Hackers Prove Chrysler Vehicles are Prone to Dangerous Cyber Attacks

Hackers Prove Chrysler Vehicles are Prone to Dangerous Cyber Attacks
Image: Chrysler
July 22, 2015

Cars continue to get smarter, but increased risk comes right alongside with increased capability.

A flaw in several Fiat Chrysler models allows hackers to remotely control vehicles over the Internet, according to Wired. Hackers can take advantage of the vehicle's Uconnect cellular connection, a feature available in hundreds of thousands of Fiat Chrysler vehicles, to change your radio station, abruptly apply the brakes, or even turn the engine off all together. GPS coordinates are easily tracked as well.

Hackers Charlie Miller and Chris Valasek claim that the loophole exists in late 2013, 2014, and early 2015 models. The hackers claim that Jeep Cherokees are the most prone to hacking, with the Cadillac Escalade and Infiniti Q50 not far behind. While they focused their efforts solely on the Uconnect system, several other telematics systems exist that are not impervious to a security breach.

Miller and Valasek have been sharing their work Fiat Chrysler for the past nine months, allowing the automotive company to work on a patch to close the hacking loophole. On July 16, Fiat Chrysler notified owners of affected vehicles that the software update would be made available. Unfortunately, the update will not automatically upload, forcing customers to implement the update by USB stick or bring their vehicle to the dealership.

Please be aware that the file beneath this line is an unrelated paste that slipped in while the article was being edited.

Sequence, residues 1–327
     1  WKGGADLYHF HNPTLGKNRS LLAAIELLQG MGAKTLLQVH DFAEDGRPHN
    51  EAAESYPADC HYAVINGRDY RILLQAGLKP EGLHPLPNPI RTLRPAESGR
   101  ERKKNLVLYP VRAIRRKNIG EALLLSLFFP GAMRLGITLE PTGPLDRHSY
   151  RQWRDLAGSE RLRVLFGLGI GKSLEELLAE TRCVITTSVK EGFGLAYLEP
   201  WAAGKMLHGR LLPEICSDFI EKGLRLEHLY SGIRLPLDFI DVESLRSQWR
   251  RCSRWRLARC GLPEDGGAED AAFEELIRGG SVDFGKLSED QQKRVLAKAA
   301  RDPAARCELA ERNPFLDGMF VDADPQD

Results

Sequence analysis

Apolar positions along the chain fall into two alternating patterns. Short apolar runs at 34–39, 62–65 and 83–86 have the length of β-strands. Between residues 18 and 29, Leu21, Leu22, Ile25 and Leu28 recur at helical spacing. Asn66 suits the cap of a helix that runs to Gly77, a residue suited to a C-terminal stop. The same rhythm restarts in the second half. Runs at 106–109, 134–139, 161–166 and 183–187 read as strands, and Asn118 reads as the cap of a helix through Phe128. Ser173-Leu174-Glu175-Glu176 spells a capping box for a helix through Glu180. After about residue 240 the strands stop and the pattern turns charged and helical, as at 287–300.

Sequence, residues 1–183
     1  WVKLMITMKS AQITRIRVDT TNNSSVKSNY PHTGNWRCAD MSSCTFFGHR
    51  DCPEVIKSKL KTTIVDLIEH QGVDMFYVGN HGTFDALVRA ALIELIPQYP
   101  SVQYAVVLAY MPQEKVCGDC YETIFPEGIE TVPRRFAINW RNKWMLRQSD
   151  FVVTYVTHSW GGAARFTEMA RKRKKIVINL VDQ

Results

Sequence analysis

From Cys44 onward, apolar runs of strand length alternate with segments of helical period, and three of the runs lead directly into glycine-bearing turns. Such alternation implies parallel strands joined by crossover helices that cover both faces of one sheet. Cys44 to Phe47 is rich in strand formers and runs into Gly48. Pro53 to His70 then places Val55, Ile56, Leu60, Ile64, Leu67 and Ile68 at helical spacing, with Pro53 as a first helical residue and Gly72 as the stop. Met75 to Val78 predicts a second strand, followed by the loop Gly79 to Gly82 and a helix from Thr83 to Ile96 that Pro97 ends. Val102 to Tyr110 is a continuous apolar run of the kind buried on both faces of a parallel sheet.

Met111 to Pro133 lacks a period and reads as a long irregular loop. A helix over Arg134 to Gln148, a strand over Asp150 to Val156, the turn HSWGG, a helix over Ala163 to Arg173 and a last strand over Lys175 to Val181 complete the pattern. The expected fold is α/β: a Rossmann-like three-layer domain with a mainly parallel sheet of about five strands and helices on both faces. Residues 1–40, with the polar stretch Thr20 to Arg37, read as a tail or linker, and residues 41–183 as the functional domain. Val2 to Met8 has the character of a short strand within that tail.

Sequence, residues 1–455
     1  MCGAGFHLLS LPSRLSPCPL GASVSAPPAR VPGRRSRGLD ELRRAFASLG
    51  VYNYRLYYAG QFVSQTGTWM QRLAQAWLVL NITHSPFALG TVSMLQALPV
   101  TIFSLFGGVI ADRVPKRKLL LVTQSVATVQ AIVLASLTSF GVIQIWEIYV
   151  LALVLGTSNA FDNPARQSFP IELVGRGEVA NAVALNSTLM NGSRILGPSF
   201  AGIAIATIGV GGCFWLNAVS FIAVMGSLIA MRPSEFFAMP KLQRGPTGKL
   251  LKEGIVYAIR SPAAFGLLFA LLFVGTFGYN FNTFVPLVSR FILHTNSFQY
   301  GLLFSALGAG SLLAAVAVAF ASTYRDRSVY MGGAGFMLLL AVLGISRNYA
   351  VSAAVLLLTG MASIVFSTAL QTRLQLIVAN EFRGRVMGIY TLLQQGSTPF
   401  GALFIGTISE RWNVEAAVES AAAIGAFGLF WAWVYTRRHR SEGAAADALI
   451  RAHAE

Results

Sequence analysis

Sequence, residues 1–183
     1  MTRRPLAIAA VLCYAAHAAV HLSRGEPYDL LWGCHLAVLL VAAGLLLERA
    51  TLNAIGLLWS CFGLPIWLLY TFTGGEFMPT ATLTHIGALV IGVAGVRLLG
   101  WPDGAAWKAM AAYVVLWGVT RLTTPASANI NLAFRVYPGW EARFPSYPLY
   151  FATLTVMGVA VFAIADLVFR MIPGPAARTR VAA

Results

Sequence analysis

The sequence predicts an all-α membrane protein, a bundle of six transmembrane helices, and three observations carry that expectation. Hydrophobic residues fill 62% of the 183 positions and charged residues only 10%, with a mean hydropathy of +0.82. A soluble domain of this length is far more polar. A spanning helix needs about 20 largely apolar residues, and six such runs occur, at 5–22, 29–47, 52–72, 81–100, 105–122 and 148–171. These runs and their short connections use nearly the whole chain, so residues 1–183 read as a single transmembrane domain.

In response to this display of vehicle's easily hacked systems, senators Ed Markey (D-MA) and Richard Blumenthal (D-CT) plan to introduce an automotive security bill to set new digital security standards. "Drivers shouldn't have to choose between being connected and being protected," said Markey in a written statement. "We need clear rules of the road that protect cars from the hackers and American families from data trackers."

Markey contacted 20 automakers to gain more knowledge about their security practices. The response he received was described by the senator as "a clear lack of appropriate security measures to protect drivers against hackers who may be able to take control of the vehicle." Of the 16 automakers who responded, all confirmed that almost every current model of vehicle has some sort of wireless connection. Only seven of these companies had hired independent security firms to ensure online security.